• Describe a situation where you found it difficult to work with somebody. How did you handle the situation? Looking back, would you have done differently?
  • Do you think we would get along? Why?
  • If you were an animal, what animal would you be? (Seriously, I was asked this question)


Final words on LinkedIn


I forgot to mention in yesterday’s post that one major strength of LinkedIn is the ability to provide and receive professional recommendations. It’s a good idea to ask people with whom you’ve had positive work experience to write a recommendation for you. Also, you should return the favor. Endorsements go a long way when a recruiter is checking out your profile. It shows that you have made a positive impact in your past and are likely to do so in your future, brining value to the company. Also, other people will highlight specific traits about you they observed that you might not be aware you had.


Stay relevant, but have a life


Stay relevant by staying at the top of your game. Take refresher courses, read books that cover current trends, subscribe to magazines, follow blogs that cover your topic, talk to others who know about your industry, write papers, analyze stuff - do whatever you have to do to stay at the cutting edge. I read at least three books per month, subscribe to a couple magazines, and stay up on trade publications. Not everything I read is related to marketing or entrepreneurship. I like to break it up and read for fun too. But you also need to make time for yourself to do things you enjoy outside of work. If you can adapt to changes, you have staying power. Respect comes with expertise, but remain approachable. Things change all the time. Embrace it and be ready for it.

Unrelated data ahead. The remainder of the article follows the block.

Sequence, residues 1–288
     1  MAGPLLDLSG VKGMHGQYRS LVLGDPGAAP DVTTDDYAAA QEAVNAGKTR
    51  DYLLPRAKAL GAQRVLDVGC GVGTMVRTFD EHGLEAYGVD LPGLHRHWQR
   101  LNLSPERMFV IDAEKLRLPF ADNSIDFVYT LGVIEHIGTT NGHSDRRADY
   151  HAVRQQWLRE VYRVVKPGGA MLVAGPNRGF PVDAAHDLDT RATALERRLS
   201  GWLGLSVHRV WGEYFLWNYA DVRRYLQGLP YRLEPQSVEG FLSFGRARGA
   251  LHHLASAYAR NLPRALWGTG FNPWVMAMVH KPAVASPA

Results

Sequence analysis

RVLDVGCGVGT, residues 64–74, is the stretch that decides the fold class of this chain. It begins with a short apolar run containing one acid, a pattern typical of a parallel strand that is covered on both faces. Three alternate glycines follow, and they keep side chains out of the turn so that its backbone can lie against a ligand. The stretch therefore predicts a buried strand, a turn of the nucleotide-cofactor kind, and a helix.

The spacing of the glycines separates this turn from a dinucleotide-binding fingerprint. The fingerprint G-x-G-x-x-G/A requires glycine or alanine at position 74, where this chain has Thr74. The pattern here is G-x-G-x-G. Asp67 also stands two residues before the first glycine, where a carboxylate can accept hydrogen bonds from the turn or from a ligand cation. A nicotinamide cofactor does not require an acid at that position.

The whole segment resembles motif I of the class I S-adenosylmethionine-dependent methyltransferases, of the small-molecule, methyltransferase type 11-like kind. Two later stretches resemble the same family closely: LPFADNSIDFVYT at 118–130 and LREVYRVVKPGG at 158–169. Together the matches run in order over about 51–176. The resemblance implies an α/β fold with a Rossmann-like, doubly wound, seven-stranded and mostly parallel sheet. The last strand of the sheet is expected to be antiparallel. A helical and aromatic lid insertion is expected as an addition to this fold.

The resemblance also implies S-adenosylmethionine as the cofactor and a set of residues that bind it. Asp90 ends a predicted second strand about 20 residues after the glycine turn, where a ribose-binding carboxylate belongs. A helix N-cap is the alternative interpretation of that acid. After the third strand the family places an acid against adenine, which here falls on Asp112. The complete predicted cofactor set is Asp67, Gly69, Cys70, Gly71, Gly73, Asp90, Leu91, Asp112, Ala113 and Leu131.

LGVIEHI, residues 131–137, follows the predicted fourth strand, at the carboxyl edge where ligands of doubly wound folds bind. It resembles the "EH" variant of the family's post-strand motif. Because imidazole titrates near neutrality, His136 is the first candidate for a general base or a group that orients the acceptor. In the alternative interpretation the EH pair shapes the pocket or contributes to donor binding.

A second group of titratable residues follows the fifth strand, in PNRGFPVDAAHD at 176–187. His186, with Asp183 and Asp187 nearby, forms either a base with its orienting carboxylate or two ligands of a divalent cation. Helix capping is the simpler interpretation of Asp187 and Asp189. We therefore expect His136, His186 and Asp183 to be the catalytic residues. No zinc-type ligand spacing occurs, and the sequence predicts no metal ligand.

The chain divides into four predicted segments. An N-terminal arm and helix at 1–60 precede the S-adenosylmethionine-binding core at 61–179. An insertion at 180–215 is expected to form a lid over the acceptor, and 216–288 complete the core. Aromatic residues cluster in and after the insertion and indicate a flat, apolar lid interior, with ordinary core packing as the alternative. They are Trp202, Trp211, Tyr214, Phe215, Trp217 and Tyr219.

Be of service to those in your network


If you help somebody accomplish their goals, they are much more likely to help you accomplish yours. You don’t have to keep score. That’s not what it’s about. But if you are truly an asset to somebody, they will want to see you succeed. If they don’t want you to succeed, it might be time to reevaluate your network. Be open if somebody has a suggestion for you. They might be trying to make you better. Ask your network what you can do for them, but don’t overextend yourself. I keep a copy of my closest friends’ résumés in case I come across an opportunity in which they might have interest. Those same people help me out when I need it. Friends, colleagues, and potential employers want to be around people who bring them value. Be added value and you make yourself irreplaceable.




That’s all I have for you today. I honestly hope that using social media tools effectively will help you land that job you want, allow you to change or explore careers, or reach whatever goals you have at this point. If you have any success stories, please feel free to share. If you don’t, let me know what worked and what didn’t. How can we make this more useful to you? What other topics would you like to know about? Tomorrow we’ll finish up this 101 with an interview from a career counselor who will provide job searching insights outside my scope of knowledge. Again, if you found value here, please subscribe to the RSS feed, share with friends, StumbleUpon it, Digg it, or whatever you need to do. For additional reading on social media and personal branding I recommend the following books:

Me 2.0, Dan Schawbel. 2009

Social Media 101, Chris Brogan. 2010

Job Hunting Series